The Phoenix Rising Collective

Inspiring Women to be Self-Love in Action

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It’s Love Yourself First! Friday: This Phoenix is Traci

Love Yourself First! Friday is an interview series featuring phenomenal and resilient women who share their self-love stories. The stories are vulnerable, honest and heartfelt, shedding light on how life’s challenges bring a new level of self-acceptance and how making daily practical self-care practices a priority deepens self-love. You’ll find comfort in knowing you’re not alone when it comes to figuring out how to love yourself.

About our featured Phoenix:  Traci is not new to this community, as she was a contributing writer for over two years curating the Artist Feature series, interviewing women creatives who cultivate agency, healing and happiness through fulfilling their unique passions. Traci is an accomplished teacher, visual artist, writer and published poet.

Here’s her powerfully open and honest LYFF story.

How do you love yourself first? What does that mean to you?

I take myself out on personal excursions or dates. I go for walks in nature. I go to specialty yarn shops, and before the coronavirus pandemic, I used to treat myself to consignment shopping sprees. However, things have changed. I find myself analyzing what it means to love myself now, minus the shopping sprees. I make things with my hands (i.e. knit, crochet, weave, write, construct journals).

I get in touch with my physical body. I don’t take baths often, but when I do, I soak in warm water mixed with lavender and certain oils. And I pay attention to how my skin feels in water.

I also spend time looking at my skin and paying attention to the changes that this body is going through. I am becoming more in touch with the ripples and skin overlap, hair growth in unique areas, skin discolorations. I have conversations with these parts of my body. I find different ways to compliment this brown avatar suit I used to criticize harshly. In addition, I am learning to detach from such a physical way of loving self. The detachment allows me to heal from past hurts.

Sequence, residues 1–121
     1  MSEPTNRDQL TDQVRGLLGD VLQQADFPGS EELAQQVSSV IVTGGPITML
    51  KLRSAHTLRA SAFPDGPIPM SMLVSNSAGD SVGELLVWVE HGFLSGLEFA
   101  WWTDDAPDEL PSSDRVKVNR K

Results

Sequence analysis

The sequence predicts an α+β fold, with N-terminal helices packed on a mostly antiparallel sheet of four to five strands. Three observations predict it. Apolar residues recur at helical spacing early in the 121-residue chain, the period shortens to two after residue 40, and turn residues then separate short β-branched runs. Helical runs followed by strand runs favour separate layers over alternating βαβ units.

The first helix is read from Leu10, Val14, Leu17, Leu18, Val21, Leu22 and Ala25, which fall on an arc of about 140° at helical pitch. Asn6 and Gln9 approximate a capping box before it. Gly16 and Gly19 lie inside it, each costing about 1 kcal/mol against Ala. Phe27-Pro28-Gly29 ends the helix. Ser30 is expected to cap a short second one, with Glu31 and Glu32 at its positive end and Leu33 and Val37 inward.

What actions demonstrate the self-care you provide to your mind, body and soul?

I LOVE things connected to supernatural, mystical creatures and third-eye-thinking, so I find myself watching movies and TV series that revolve around such interests. It entices my mind. I am drawn to narratives that explore identity beyond social norms. Self-care is recognizing that I do not fit into a peg hole. I do not have to follow norm; I can pay attention to heart and soul and know that I am okay and safe and loved. This usually happens when I am with like-minded hearts and when I am steps away from certain belief systems and philosophies used to condemn, criticize and destroy others.

I love hiking. I love good food; this includes healthy eating as well as foods that people may not consider healthy. My favorite desserts are bread pudding and cheesecake. And I love eating salads, my mom’s fried dumplings and dad’s jerked seafood gumbo.